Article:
Staff-level fiscal talks are taking place Monday between Speaker John BoehnerJohn BoehnerLobbyists expect boom times under Trump Last Congress far from ‘do-nothing’ Top aide: Obama worried about impeachment for Syria actions MORE’s office and the White House, according to the Speaker’s office.
BoehnerJohn BoehnerLobbyists expect boom times under Trump Last Congress far from ‘do-nothing’ Top aide: Obama worried about impeachment for Syria actions MORE spokesman Michael Steel would not provide details of the talks, but he said the $2.2 trillion deficit-reduction offer Republicans presented to the White House a week ago “remains the Republican offer.”
The staff talks come a day after Boehner (R-Ohio) and President Obama held a face-to-face meeting to try to avert the tax hikes and spending cuts scheduled for January, which economists argue could trigger a recession.
The GOP proposal included $800 billion in new tax revenue, but Boehner remains opposed to Obama’s chief demand — that tax rates go up on family incomes above $250,000 a year.
The meeting between Obama and Boehner at the White House on Sunday was their first since the president hosted top congressional leaders for talks on the "fiscal cliff" on Nov. 16. They have spoken several times on the phone since then, but as of Friday, the Speaker said those negotiations had yielded little progress.
The talks have restarted after essentially breaking off for several days while the two sides rejected dueling offers.
“The president does believe that we can reach an agreement,” White House press secretary Jay Carney told reporters Monday aboard Air Force One.
Like Boehner’s spokesman, Carney wouldn’t provide details of the meeting between the two men.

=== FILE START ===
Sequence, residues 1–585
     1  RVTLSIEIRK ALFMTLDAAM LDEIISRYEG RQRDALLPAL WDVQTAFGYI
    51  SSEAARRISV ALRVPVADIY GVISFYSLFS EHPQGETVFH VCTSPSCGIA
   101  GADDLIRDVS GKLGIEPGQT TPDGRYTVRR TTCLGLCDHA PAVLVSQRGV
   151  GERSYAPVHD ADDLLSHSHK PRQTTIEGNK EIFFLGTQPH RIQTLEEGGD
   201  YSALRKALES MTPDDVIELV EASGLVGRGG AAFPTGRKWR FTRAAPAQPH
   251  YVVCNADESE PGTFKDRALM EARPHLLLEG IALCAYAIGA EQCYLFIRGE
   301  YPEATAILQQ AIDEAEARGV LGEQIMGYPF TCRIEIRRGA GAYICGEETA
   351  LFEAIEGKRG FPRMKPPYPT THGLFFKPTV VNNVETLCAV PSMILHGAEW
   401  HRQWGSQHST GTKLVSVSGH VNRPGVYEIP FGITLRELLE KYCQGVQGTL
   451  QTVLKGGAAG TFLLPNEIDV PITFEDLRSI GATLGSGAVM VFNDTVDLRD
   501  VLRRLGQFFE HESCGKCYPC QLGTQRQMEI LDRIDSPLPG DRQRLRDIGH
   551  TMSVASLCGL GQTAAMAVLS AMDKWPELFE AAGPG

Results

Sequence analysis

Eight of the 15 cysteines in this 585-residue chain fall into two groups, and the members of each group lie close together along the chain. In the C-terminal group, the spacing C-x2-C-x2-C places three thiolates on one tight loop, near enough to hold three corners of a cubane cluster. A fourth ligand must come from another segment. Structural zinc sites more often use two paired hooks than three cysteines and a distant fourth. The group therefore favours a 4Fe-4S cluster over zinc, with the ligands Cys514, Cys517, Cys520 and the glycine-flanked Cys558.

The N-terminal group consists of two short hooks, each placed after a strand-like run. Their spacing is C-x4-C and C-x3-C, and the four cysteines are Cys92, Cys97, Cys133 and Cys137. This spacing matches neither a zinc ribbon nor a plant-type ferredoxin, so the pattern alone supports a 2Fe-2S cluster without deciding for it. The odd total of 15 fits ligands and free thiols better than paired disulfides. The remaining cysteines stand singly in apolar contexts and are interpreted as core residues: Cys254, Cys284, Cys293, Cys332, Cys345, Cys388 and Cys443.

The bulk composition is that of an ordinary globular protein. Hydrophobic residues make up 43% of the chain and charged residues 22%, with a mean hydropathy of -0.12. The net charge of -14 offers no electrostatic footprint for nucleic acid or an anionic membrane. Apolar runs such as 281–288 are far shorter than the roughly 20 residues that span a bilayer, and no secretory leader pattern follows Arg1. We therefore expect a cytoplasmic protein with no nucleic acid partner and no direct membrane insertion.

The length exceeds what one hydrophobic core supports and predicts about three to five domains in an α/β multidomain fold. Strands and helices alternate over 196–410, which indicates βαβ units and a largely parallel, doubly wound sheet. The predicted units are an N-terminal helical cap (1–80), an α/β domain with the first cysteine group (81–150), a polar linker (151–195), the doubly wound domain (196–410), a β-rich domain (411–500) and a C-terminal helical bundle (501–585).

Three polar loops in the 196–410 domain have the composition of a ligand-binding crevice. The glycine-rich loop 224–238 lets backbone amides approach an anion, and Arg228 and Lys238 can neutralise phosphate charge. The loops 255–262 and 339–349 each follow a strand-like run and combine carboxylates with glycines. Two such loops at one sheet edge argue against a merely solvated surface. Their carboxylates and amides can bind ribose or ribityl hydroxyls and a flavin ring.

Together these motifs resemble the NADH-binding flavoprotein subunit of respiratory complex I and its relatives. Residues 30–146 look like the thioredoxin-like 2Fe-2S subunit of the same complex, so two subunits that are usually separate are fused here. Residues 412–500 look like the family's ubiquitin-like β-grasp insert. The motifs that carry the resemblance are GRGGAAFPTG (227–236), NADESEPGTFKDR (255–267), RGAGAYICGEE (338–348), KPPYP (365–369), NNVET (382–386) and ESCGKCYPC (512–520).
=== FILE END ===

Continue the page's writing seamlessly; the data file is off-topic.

While Republicans continue to demand specificity from Democrats on spending cuts, Carney said the White House had yet to see the same from the GOP on taxes.
“What we haven’t seen yet is any specificity at all from Republicans on revenue,” he said. “We’ve seen a sentence on revenue. And while there has been encouraging statements from individual lawmakers about the realization that rates will go up on the top two percent, we haven’t seen anything specific from Republicans with regard to that.”
Carney reiterated Obama’s position that any deal “requires acceptance and acknowledgement in a concrete way by Republicans that the top two percent will see an increase in their rates.”
Congress has until the end of the year to pass legislation preventing major tax increases and spending cuts that will begin taking effect in January. Leaders in both parties have said they want to complete a deal before Christmas, when Congress is scheduled to adjourn.
Beyond that, neither side has put a timetable on the talks.
"The sooner we reach an agreement, the better,” Carney said.
Congress has until the end of the year to pass legislation preventing major tax increases and spending cuts that will begin taking effect in January.
Obama is in Michigan on Monday for the latest stop in his bid to increase public pressure on Republicans to pass an extension of tax rates for the middle class while allowing taxes on the wealthy to rise.
This story was updated at 1:16 p.m.